Primary school headteachers have renewed their push for the termination of delocalisation and textbook policies, saying they are undermining the education sector.
They said the policy that involves deploying teachers away from their home counties is punitive and is breaking marriages and families.
The Teachers Service Commission started implementing the policy in 2017, but according to the Kenya National Union of Teachers (Knut), some of the tutors who were transferred quit while others sought employment in county governments.
More than 7,500 school heads are converging in Mombasa for their annual delegates conference. Education Cabinet Secretary George Magoha is expected to officially open the conference today.
On the textbook policy, the school heads said it is the duty of a teacher to select books for learners.
“A mathematic book for Grade 3 at Nairobi Primary cannot be the same as for a primary school in rural Wajir, because learners are at different levels. It was wrong to centralise the textbook procurement system,” Knut Secretary-General Wilson Sossion said.
Procuring textbooks is a conduit for corruption, which should be investigated, he said. “Why do you centralise textbooks, and supply poor quality with so many errors? We are insisting on the reverting to the old system of the Orange book,” he added.
The Knut boss noted that headteachers were not consulted on some of the policies and threatened to name the individuals involved shady deals.
Kenya Primary Schools Headteachers Association (Kepsha) National Secretary Philip Mitei said the transfer programme must be done humanely.
“We want a human face put to delocalisation of teachers who have families. TSC should also address the issue of teacher shortages, raise capitation, look into children with disabilities and provide proper infrastructure for pupils with special needs.”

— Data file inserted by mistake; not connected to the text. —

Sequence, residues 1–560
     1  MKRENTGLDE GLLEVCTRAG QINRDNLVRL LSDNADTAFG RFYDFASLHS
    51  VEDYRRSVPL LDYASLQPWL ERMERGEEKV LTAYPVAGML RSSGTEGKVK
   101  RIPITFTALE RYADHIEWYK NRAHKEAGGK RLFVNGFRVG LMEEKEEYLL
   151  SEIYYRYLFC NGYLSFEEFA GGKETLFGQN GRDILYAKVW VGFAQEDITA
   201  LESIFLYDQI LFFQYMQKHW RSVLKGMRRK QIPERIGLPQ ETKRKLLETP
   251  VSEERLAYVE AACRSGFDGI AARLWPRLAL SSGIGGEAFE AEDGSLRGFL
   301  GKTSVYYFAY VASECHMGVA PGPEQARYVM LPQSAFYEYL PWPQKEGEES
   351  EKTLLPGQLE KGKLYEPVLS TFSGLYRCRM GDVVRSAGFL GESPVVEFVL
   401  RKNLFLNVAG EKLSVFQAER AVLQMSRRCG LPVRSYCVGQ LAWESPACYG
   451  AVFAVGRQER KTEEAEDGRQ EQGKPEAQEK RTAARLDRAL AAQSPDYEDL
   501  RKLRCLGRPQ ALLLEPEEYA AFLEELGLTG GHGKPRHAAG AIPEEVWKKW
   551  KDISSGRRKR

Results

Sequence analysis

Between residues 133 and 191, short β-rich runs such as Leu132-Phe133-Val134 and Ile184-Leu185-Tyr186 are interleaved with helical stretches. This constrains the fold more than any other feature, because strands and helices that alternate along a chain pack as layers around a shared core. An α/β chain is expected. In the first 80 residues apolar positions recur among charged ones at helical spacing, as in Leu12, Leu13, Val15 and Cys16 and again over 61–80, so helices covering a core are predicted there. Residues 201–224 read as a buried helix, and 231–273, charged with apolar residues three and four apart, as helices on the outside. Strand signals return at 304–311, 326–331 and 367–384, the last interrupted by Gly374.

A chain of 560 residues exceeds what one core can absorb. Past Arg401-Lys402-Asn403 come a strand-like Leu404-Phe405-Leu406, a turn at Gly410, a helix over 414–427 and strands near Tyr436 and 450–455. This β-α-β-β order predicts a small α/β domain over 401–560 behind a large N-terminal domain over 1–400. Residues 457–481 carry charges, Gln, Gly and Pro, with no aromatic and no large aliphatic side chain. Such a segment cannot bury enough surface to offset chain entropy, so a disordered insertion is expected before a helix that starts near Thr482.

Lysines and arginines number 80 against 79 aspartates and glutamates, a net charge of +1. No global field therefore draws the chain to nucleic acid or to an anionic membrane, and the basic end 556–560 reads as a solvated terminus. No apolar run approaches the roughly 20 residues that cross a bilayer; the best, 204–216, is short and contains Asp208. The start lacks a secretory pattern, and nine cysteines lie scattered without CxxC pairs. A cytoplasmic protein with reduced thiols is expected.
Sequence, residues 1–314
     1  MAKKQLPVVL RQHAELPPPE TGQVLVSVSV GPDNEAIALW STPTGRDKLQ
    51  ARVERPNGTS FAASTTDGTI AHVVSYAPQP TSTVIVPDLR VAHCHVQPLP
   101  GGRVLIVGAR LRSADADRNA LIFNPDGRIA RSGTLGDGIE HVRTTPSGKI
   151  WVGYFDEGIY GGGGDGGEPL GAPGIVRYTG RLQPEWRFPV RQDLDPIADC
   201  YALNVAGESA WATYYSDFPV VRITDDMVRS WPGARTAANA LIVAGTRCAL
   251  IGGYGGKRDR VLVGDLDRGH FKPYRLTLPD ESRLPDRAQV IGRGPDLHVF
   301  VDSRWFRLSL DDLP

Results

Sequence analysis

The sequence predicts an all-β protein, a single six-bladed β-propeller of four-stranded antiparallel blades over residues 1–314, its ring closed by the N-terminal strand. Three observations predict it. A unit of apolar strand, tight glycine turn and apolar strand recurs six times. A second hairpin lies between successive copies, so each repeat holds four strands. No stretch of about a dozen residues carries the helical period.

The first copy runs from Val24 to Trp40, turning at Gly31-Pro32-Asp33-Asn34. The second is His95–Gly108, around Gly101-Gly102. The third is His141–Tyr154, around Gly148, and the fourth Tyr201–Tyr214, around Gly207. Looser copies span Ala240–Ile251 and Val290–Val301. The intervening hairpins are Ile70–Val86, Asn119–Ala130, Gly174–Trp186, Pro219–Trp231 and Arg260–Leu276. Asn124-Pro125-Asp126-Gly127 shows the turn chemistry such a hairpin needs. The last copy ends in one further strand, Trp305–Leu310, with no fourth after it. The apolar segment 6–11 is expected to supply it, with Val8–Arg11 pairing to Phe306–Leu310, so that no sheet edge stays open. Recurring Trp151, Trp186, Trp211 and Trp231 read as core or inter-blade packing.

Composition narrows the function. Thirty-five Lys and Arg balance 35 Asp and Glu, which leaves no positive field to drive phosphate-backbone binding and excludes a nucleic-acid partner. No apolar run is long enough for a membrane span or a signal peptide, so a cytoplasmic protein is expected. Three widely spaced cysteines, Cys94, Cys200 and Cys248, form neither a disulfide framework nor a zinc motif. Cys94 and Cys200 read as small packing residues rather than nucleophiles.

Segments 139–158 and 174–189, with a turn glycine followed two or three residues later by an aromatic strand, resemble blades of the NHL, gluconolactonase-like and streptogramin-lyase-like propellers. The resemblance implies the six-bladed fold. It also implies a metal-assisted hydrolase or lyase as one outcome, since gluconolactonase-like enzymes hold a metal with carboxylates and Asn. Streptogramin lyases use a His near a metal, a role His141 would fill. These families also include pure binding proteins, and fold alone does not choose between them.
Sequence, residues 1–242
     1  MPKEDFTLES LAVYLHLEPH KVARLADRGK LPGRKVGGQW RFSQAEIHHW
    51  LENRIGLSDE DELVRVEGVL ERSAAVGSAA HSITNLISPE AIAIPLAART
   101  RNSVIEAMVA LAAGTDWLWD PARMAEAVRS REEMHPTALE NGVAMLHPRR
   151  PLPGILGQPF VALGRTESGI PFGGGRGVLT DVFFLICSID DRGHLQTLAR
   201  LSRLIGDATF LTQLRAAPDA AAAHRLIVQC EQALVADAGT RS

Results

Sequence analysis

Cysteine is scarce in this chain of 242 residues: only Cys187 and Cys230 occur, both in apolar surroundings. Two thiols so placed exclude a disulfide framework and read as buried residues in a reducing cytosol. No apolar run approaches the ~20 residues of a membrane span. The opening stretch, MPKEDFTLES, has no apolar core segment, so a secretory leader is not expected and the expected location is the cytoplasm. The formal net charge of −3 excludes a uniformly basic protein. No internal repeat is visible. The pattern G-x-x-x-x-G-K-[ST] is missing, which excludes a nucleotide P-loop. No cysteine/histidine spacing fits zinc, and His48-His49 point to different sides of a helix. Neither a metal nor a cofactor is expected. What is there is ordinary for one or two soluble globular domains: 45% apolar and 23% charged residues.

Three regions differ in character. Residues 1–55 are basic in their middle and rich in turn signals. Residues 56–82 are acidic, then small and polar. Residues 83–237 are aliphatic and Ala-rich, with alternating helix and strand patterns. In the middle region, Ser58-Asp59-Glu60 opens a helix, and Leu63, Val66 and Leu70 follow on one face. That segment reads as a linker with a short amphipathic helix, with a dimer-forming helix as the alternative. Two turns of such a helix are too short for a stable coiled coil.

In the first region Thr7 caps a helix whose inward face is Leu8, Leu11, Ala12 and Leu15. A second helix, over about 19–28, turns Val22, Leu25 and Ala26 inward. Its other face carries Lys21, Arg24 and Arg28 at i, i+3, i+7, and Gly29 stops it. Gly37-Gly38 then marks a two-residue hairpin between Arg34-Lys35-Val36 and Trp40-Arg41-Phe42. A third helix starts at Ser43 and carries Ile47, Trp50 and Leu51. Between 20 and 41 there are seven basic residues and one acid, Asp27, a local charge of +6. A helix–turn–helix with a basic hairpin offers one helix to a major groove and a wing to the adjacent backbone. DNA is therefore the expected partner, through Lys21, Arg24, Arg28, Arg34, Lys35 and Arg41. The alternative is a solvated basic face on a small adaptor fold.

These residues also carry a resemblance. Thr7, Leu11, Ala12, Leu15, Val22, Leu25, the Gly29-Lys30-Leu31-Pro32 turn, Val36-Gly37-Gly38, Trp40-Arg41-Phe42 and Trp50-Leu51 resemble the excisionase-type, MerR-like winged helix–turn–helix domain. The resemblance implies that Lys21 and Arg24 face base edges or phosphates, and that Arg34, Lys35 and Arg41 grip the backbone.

Mr Mitei further urged the ministry to train teachers on the competency-based curriculum (CBC) and ensure schools are protected from land grabbers.
Mr Sossion said teachers will only support CBC if they are trained. He said the curriculum needs conditional funding that should be wired directly to schools.
“The shortage of teachers and resources is real, but we know you levy additional money to hire PTA teachers. Capitation funds should be wired to the school account. Nobody should procure on your behalf at the ministry,” the Knut boss said.
The teachers also want the ministry to do away with the National Education Management Information System.
Kepsha National Chair Nicholas Gathemia said the conference will provide a platform for the headteachers to engage with the ministry, TSC and other key stakeholders.
“We want to discuss the current reforms, school administrators and their roles. The head teachers’ voices must be heard,” he said.
Headteachers have decried the mushrooming of private schools, saying they are threatening public institutions.
According to Mr Sossion, Kenya’s biggest education problem is privatisation. “The schools are mushrooming all over and some investors are putting up substandard schools next to every public primary to destroy our institutions. We must defend our public schools,” he said.
Mr Sossion said the ministry, TSC and unions must work together. “Can we sit with all stakeholders and do away with policies that cannot work, including releasing certificates to students who have not paid fees?”